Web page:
“I think these guys at Poliwogg have read the market correctly,” says Miller, who writes a subscription-only newsletter for biotech stock investors. “People will be jazzed about the idea of investing in things they care about, and getting equity.” It’s less likely that investors will fully understand the risks, or how much their equity will be diluted through endless future stock offerings, he says.

Consumer groups opposed the JOBS Act for some of these reasons, to protect investors. Simon dismisses the arguments as outdated. “Let’s take my sister for example. She’s a schoolteacher, a non-accredited investor. She can go on the public stock market and buy anything at any time. She can buy stocks in Malaysia if she doesn’t even know where Malaysia is. But she can’t invest in a friend’s store down the street because it’s a private company. She can’t invest in a biotech company that’s private. That’s crazy.”

You could argue that it’s also crazy for people to be able to be able to dump their life’s savings into a single biotech stock they don’t understand, and watch it vaporize. But sadly, it’s part of what happens in a democratized investment world. I hope that the operators of the new biotech crowdfunding platforms are responsible, and that regulators stay on their toes. If not, a lot of people will end up thinking that “biotech” and “crowdfunding” are a couple of dirty words.

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17 responses to “Crowdfunding Is Coming to Biotech, so Get Ready for a Wild Ride”

  1. Related thoughts; I see opportunity at the university spin-out stage.

  2. Amazing – biotech is about the highest risk of all technology venture. To think that completely clueless, small-time investors can pick ultra-high technology winners in biotech is ridiculous.

    But here’s an idea – maybe with your $100 investment in a Biotech Newco, they’ll give you a Pebble watch!

  3. Don, I don’t disagree, but that doesn’t stop “completely clueless, small time investors” from spending hundreds of millions of dollars on this in the public markets where only one of ten companies succeed. With as bad a name Wall Street has earned for manipulation, cheating, and insider information, more than a few individual investors will see this as equivalent risk.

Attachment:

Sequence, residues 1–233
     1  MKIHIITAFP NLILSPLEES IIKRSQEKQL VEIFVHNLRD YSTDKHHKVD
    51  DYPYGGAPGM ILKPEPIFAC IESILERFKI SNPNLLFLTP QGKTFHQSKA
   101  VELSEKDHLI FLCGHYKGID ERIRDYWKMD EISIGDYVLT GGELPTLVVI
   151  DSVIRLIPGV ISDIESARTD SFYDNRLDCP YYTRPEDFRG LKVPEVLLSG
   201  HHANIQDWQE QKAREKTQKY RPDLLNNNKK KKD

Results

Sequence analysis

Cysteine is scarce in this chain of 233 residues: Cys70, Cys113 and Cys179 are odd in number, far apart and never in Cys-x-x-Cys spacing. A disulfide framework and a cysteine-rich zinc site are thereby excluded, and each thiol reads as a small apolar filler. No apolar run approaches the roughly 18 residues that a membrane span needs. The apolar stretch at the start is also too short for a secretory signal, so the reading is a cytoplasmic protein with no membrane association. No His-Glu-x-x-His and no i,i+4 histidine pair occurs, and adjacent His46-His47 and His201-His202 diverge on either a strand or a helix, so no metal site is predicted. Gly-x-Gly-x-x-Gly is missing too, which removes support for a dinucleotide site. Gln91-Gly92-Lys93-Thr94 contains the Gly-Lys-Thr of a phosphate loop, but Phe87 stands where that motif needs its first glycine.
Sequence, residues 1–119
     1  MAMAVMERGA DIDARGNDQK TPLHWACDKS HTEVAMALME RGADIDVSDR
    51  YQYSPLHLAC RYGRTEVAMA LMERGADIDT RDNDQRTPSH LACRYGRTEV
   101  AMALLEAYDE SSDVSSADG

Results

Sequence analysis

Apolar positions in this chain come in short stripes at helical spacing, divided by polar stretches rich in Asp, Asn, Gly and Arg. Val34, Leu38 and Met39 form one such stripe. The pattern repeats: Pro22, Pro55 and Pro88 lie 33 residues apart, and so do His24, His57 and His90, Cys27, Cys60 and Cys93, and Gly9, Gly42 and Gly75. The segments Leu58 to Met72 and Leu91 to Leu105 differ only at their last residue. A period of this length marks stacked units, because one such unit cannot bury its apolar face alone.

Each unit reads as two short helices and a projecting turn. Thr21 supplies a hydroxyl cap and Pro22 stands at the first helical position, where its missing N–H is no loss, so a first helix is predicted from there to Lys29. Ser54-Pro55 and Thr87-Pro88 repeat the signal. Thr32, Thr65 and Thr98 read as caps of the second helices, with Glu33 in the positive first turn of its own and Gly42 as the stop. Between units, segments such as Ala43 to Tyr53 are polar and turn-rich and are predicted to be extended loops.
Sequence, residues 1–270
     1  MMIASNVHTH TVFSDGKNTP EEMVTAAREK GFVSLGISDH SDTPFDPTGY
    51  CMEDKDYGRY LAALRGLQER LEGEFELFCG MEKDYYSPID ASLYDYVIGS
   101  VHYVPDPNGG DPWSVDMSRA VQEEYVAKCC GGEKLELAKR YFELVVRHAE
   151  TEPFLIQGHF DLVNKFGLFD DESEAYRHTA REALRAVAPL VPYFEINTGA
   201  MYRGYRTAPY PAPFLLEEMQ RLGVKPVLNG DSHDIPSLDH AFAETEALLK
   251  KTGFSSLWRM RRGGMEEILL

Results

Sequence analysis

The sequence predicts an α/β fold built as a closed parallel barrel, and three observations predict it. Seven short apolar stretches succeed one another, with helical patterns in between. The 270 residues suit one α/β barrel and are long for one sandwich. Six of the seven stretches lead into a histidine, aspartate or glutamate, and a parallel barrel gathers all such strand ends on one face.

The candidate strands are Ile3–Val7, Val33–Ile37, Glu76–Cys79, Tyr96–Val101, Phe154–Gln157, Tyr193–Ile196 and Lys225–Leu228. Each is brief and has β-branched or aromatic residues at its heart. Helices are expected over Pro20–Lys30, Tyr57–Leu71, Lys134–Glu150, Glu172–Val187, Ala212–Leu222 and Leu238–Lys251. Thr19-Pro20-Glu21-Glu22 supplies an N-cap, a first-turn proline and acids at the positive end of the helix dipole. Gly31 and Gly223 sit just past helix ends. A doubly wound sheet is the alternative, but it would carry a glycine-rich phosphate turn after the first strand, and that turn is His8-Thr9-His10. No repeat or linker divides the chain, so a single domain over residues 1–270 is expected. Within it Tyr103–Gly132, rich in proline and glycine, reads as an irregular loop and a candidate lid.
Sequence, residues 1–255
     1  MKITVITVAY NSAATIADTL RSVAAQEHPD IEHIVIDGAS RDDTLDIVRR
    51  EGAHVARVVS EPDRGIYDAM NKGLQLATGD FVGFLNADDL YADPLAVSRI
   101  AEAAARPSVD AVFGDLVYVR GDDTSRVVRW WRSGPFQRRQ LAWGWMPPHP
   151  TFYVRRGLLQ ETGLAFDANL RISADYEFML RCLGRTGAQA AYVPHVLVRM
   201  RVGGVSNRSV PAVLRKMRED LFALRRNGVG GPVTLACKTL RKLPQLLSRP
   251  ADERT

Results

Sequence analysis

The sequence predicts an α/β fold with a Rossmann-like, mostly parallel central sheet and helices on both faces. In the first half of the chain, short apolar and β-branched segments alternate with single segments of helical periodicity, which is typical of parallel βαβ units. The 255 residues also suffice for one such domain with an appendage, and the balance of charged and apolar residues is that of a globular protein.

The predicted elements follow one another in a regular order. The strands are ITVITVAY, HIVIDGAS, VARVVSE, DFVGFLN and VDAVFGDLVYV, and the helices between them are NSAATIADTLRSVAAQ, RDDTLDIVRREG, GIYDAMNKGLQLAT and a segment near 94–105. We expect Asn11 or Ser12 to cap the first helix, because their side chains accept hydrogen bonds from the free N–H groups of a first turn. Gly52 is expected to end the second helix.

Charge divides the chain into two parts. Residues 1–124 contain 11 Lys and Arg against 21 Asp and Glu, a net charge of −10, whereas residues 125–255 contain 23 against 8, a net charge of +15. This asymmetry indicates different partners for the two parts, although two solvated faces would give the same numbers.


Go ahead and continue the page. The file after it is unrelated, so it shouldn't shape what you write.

With the record for any crowdfunding at around $8M, I don’t see this as a source of big money. I see this as a way to acquire angel and seed capital. Raise a couple of million to get the IP started, some lab space, and some next steps. Perhaps also a supplement to grants or to use as a source of funds in a matching grant program.

    Six months ago I would have scoffed. After watching Chris Roberts handiliy break the crowdfunded game record by raising now over $7.4M from gamers for his latest effort at, I’m a believer.

    Is this the best place for investment capital? Probably not. But it won’t stop people from donating (and the majority will think of it as “donating”) to a promising startup doing work in a disease that matters to them.

    David Miller

  4. cvrichard says:

    > To think that completely clueless, small-time investors can pick ultra-high technology winners in biotech is ridiculous.

    Don’t forget that in crowdfunding, many investors/donors are not trying to pick winners. Some (or even many) of them are activist investors who just want to make a difference in research. They don’t necessarily pick winning technology. Rather, they pick their favorite causes to support.

  5. LJStewartTweet says:

    Luke. Great article. I think your right. People go to Vegas every day and loose hard earned money. Yeah. Biotech is risky. But where else can you make a bet on a new breakthrough for patients in need? VCs and high net wroth people shouldn’t be the only ones allowed to make those bets.
    Interesting article, just on the same day when the new SBIR eligibilty rules opened up SBIR grants to VC owned biotechs. With the new Jobs act and crowdfunding, maybe the new SBIR rules werent needed.

  6. Andrew Johnson says:

    Great insights into this new form of funding in the Life Sciences. Time and experience will ultimately determine how well this model works. One sector to keep in mind is the Life Science Tools market. The risk / reward profile of Life Sciences tools companies might be a better fit for this type of funding. These companies typically do not need the tens of millions to commercialize new intruments, software and consumables since there are no clinical trials to pay for. The smaller amount of capital required, the time needed (typically no more than a year or two from concept to market) and no risk of regulatory hurdles could be attractive to some of these investors. Remember, it was the guys selling shovels that had the best chance of striking it rich during the Gold Rush.